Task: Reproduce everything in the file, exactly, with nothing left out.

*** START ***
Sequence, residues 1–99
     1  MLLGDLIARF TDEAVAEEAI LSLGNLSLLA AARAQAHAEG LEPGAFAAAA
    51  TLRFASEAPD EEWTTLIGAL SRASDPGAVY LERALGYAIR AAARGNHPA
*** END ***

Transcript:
Sequence, residues 1–99
     1  MLLGDLIARF TDEAVAEEAI LSLGNLSLLA AARAQAHAEG LEPGAFAAAA
    51  TLRFASEAPD EEWTTLIGAL SRASDPGAVY LERALGYAIR AAARGNHPA